Seed enhancement technologies have great potential in improving seed performance, such as by conferring disease resistance and modifying seedling emergence capabilities. Seed coating is one such technology. It involves applying external materials to the natural seed coat to improve the surface and shape for ease of handling by agricultural equipment and to deliver active ingredients such as fungicides to promote seed performance. However, current formulations used in seed coating have a number of technical challenges, including the maintenance of microbial viability for biofertilizers such as rhizobacteria (PGPRs) — symbiotic bacteria that can increase nutrient and phytohormons availability. The loss of viability is mostly due to osmotic and desiccation stress in the synthetic seed coat, and the interaction of protectant compounds with the symbiotic bacteria.
Augustine T. Zvinavashe and colleagues, from Massachusetts Institute of Technology, developed a biomaterial that can be mixed with rhizobacteria and applied on the seed surface, retrofitting current seed coating techniques to encapsulate, preserve and precisely deliver PGPRs to the soil. By following the idea that a combination of proteins and disaccharides is the key for anhydrobiosis, they develop a biomaterial for seed coating based on silk fibroin and trehalose. The micrometre-thick coating is transparent and biodegrades when exposed to water. Using Rhizobium tropici CIAT 899 and Phaseolus vulgaris as working models, they show that the silk–trehalose coating can provide a beneficial environment for the survival of these rhizobacteria, and can efficiently release them into the soil to boost seed germination and mitigate soil salinity.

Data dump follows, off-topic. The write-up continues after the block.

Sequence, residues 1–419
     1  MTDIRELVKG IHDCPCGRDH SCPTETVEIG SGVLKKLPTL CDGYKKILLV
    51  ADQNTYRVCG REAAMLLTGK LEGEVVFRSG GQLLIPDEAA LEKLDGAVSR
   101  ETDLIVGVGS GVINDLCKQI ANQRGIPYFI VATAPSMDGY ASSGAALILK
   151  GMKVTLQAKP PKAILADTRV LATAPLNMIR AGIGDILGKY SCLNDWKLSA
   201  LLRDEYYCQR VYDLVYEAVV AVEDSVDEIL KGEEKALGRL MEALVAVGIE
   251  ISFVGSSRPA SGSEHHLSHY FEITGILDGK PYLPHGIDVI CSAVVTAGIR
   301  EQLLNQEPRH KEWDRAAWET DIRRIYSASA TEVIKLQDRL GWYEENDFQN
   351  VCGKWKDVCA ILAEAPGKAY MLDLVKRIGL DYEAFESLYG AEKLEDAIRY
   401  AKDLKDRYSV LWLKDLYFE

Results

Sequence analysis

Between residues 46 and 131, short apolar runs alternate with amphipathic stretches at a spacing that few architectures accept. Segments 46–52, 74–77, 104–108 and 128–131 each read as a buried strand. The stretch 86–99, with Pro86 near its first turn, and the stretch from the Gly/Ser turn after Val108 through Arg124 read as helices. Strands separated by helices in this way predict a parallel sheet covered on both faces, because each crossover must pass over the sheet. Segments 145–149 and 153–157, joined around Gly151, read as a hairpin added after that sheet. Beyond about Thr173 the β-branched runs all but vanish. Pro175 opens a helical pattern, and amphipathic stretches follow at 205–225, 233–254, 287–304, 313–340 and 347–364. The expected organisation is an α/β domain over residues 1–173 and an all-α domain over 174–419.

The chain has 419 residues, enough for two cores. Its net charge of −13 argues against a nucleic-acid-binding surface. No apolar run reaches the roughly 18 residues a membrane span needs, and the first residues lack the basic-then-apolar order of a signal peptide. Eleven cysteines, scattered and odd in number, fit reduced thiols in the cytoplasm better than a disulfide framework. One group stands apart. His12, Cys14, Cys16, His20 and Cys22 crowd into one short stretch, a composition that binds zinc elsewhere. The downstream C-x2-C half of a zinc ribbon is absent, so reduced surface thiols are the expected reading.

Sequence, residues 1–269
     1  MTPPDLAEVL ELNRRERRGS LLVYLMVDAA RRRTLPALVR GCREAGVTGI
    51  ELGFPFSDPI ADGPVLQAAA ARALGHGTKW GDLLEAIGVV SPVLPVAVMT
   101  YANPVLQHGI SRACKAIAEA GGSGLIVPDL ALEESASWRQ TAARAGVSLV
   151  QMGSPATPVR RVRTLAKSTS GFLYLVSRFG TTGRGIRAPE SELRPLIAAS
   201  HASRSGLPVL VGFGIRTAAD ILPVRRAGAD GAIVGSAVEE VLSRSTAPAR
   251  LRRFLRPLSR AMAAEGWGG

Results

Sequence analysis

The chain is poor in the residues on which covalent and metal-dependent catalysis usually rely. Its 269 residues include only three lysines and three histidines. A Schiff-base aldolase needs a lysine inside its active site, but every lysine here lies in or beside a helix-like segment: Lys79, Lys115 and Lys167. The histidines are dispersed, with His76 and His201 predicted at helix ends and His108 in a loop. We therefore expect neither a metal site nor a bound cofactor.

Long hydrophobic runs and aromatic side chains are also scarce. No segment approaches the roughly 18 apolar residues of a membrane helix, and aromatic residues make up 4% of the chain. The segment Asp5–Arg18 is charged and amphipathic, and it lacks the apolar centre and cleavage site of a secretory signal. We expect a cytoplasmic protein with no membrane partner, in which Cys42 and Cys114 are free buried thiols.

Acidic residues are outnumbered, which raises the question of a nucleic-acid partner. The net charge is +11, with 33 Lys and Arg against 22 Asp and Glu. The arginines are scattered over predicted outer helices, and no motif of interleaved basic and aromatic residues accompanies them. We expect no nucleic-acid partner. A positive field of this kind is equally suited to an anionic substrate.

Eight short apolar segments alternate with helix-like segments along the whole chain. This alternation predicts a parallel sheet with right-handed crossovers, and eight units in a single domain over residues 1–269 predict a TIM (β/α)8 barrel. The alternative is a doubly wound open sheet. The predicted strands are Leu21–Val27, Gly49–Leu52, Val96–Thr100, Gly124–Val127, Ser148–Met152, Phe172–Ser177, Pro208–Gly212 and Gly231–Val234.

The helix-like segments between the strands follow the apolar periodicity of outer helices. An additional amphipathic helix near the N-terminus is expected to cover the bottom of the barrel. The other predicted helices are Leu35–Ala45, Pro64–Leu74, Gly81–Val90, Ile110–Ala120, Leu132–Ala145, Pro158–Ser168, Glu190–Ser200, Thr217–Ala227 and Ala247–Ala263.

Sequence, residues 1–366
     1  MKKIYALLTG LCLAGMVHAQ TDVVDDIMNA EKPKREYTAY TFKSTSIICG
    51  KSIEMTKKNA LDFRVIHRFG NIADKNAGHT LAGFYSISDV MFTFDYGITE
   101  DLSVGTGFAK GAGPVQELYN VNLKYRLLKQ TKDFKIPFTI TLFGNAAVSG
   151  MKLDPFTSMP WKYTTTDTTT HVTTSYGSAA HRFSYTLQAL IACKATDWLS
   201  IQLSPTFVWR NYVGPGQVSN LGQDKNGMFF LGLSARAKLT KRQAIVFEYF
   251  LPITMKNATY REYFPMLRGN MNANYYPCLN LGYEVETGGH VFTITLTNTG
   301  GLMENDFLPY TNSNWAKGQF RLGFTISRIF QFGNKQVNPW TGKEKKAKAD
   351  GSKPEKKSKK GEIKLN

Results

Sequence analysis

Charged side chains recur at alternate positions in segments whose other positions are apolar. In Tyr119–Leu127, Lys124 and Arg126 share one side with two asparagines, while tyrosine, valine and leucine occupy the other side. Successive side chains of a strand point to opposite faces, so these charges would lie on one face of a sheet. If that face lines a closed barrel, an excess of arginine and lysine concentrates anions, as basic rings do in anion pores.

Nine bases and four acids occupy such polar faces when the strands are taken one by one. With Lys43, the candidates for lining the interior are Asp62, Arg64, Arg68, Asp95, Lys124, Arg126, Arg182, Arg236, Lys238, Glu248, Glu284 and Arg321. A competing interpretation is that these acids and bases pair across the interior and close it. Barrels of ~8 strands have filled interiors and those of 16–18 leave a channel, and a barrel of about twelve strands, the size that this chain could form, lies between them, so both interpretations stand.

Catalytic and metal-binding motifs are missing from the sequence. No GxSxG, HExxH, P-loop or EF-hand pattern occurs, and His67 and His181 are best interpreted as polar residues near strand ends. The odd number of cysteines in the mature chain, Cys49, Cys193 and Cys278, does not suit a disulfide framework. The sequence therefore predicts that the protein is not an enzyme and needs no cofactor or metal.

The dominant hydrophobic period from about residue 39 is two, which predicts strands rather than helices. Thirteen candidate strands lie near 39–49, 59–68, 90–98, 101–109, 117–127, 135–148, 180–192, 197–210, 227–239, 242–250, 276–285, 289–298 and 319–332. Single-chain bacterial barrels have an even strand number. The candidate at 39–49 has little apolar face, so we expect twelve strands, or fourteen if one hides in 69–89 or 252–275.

This research showcases the potential use of biomaterials in seed enhancement, which provides a new avenue to engineer the seed microenvironment for precision agriculture.
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Guo, Y. Engineering the microenvironment. Nat Food 1, 18 (2020). https://doi.org/10.1038/s43016-019-0025-x